Italy Still Wants to Sell Monte Paschi, But When Is Unclear
(Bloomberg) -- Italy is still planning to sell its majority stake in troubled bank Monte dei Paschi di Siena SpA. But how much time it will need, after talks with UniCredit SpA ended abruptly, is unclear, according to the official who led the negotiations.
“The privatization of the bank will be a necessary point of arrival for Monte Paschi,” said Alessandro Rivera, director general of the Finance Ministry, who addressed lawmakers Tuesday. “The government has started talks with the European Union to get additional time, which at the moment cannot be quantified.”
Italy bailed out the world’s oldest bank in 2017, and had committed to sell its 64% stake by the end of 2021 to comply with a deadline set by European Union. Talks with Unicredit over the sale of the Tuscan lender collapsed at the end of last month after the two sides couldn’t agree on the size of a capital injection needed to re-capitalize the bank as part of the deal.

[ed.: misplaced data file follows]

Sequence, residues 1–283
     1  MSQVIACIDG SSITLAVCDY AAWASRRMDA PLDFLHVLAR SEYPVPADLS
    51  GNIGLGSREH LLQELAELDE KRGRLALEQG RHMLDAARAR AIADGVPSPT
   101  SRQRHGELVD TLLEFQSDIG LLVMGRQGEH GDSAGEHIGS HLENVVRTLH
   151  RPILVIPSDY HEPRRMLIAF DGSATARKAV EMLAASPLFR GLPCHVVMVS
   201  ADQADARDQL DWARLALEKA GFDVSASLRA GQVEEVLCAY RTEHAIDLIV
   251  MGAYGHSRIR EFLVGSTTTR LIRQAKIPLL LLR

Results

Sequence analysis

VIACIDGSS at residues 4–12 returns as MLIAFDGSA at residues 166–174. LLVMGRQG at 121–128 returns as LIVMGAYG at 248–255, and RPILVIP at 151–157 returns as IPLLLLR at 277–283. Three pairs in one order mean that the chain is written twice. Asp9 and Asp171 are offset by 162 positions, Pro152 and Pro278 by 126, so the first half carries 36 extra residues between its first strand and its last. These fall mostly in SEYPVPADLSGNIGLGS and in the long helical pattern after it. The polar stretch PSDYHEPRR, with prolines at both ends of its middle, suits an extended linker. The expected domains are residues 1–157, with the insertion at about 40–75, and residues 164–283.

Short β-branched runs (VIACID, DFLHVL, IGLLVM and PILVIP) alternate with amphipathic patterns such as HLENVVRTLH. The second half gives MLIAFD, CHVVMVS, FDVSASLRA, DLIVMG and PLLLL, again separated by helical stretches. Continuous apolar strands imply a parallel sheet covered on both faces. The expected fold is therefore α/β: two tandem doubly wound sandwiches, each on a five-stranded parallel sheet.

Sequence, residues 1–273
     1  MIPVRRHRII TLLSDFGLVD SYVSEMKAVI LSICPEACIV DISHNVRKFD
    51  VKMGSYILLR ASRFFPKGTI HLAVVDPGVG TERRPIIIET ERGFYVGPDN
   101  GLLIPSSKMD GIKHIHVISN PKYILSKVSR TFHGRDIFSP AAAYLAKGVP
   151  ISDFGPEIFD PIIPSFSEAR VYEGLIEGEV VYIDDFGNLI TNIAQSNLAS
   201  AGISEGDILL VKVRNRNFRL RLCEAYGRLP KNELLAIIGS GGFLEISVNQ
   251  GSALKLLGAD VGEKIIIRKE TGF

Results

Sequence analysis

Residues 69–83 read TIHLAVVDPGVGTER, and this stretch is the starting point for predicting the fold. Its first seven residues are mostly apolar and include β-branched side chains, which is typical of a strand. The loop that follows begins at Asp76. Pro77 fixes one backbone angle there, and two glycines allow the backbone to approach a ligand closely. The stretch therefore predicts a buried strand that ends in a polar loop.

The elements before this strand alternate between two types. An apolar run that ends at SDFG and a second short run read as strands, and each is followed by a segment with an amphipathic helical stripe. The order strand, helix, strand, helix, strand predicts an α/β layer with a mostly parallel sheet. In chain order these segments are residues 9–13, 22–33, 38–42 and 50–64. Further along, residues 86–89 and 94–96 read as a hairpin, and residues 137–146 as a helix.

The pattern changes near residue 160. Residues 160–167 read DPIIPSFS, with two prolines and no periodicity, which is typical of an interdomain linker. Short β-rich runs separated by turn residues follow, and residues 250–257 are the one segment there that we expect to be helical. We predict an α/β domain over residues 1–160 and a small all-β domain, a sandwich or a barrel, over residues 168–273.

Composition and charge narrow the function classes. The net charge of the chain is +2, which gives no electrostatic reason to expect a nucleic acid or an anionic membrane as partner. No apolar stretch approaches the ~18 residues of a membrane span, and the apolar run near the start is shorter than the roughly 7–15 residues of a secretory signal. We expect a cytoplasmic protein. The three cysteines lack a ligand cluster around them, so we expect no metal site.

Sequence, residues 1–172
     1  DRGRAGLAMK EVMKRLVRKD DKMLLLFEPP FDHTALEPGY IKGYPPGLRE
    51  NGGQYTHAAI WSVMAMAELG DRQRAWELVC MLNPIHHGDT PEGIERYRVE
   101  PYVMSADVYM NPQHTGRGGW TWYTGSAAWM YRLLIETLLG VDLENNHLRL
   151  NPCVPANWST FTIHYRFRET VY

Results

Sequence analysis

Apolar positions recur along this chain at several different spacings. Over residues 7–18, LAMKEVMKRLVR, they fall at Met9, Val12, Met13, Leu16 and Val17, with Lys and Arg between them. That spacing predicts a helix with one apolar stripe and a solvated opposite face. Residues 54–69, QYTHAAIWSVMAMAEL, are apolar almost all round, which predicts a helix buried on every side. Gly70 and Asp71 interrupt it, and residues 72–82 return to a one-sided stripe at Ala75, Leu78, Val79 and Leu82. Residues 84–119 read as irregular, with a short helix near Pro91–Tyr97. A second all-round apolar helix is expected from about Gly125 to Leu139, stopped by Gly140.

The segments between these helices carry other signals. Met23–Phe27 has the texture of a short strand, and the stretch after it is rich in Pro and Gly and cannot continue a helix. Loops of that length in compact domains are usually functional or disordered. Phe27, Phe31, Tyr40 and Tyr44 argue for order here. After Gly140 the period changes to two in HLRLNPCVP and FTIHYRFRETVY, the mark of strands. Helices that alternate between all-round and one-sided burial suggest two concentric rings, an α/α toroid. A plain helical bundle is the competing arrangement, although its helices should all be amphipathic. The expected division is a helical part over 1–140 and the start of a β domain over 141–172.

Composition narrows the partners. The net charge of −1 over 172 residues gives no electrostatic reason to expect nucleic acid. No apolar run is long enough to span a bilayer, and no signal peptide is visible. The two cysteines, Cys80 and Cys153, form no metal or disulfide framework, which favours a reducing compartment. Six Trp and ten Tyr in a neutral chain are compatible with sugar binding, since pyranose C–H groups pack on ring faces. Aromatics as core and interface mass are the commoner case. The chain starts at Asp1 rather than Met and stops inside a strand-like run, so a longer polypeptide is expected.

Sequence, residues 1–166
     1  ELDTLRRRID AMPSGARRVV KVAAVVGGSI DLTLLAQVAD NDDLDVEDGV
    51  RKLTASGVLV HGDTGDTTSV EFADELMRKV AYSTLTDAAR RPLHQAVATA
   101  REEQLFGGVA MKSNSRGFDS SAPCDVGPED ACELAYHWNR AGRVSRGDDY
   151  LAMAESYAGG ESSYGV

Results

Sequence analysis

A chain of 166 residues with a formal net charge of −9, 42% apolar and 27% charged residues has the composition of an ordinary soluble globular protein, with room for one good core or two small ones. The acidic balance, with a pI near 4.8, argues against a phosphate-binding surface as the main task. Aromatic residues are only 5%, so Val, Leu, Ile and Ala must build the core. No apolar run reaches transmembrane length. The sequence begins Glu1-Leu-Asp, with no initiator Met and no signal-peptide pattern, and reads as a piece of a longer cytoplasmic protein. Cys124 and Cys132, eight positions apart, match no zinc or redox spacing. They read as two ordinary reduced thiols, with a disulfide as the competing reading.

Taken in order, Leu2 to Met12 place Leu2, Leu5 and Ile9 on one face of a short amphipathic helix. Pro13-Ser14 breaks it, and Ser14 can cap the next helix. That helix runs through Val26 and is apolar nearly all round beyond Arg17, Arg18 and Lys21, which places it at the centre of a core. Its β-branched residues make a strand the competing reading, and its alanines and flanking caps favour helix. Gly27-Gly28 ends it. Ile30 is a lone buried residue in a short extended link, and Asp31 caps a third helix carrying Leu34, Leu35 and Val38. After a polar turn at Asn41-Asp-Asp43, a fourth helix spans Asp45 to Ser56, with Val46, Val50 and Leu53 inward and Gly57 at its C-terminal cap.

Rivera said the Finance Ministry will take part in the bank’s capital increase while seeking other alternatives. The government “will continue to guarantee the bank will be efficiently managed and that it will have a solid capital base,” Rivera said.
While the Treasury’s goal remains to exit the bank, it is unlikely that another sale process can be finalized by June, he added. The Ministry is now focused on the bank’s business plan to present to authorities, Rivera said. Italy doesn’t expect an infringement procedure by the EU due to the delay in the sale.
Siena-based Monte Paschi has burned through about 18 billion euros ($20.9 billion) in investor and taxpayer cash since 2008, and was the worst performer in European stress tests earlier this year.
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